SRU dance professor answers multiple calls to serve
Ursula Payne, a Slippery Rock University professor of dance, worked in St. Elizabeth Hospital in Youngstown, Ohio, during her sabbatical, and now she’s serving as the University’s liaison to the State System for diversity, equity and inclusion.
Aug. 27, 2021
SLIPPERY ROCK, Pa. — Two of the most prevalent issues the world is facing today are the COVID-19 pandemic and social inequality, neither of which would seemingly rely on the expertise of a performing arts faculty member. But Ursula Payne, a professor of dance at Slippery Rock University, has confronted both in separate roles that go beyond her job title or contributing in a way that people would generally say is "just doing their part."
After serving on the front lines in the fight against COVID-19 by working at a local hospital, Payne is answering a very different call by filling a role as SRU's liaison to a group addressing diversity, equity and inclusion across Pennsylvania's State System of Higher Education.
Appointed by SRU President William Behre, Payne is serving as the University's liaison to the State System and Denise Pearson, vice chancellor and chief diversity, equity and inclusion officer, along with a group of other DEI officers from the State System's 14 institutions. Payne is taking on this role until SRU hires a new chief diversity officer, an opening that was announced earlier this summer, after the University decided to elevate the position to a cabinet-level executive appointment.
Payne was a logical choice to be the liaison because she has worked collaboratively on statewide initiatives as the director of SRU's arm of the Frederick Douglass Institute Collaborative, which helps create inclusive university communities and transformative connections among historically underrepresented students and faculty.
"I see it as a way to interact with SRU administration and the State System, and doing it in a way that gives me a sense of the big picture," Payne said. "As the director of the Frederick Douglass Institute, my focus has really been central to our campus, whereas this particular role is looking at how diversity, equity and inclusion are applied or integrated across the entire State System."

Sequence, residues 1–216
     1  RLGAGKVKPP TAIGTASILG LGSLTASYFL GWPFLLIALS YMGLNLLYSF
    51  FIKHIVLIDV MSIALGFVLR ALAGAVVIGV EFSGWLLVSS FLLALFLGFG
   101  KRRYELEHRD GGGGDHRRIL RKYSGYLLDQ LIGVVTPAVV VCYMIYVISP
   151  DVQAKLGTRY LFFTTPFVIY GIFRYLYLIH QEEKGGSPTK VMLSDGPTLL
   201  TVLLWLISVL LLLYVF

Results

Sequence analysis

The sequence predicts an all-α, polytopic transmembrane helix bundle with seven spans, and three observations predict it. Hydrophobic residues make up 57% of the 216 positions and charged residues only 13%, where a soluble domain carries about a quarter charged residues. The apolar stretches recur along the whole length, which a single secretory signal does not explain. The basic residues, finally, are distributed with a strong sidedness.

Payne will attend monthly meetings and provide input from the SRU perspective on DEI matters that a chief diversity officer would normally do. Payne is being credited with release time for her liaison and FDI positions in addition to teaching three courses this semester.
Among the initiatives, policies and issues that the statewide DEI group is discussing are restorative justice training, where departments or student organizations will have access to resources related to anti-racism and creating environments that restore marginalized groups, repair relationships when harm has occurred, fostering an overall sense of respect in communities and reintegrated people so they are included.
"(The training) is about allowing people to have a voice and to think about people's behavior," Payne said. "When we say the word 'equity,' we need to be really clear about our understanding of it and how it relates to human dignity, so that we are recognizing (dignity) in our interactions and relations with one another. And we also want to do more things where more people feel that they can bring their whole selves to the campus community and to their classrooms."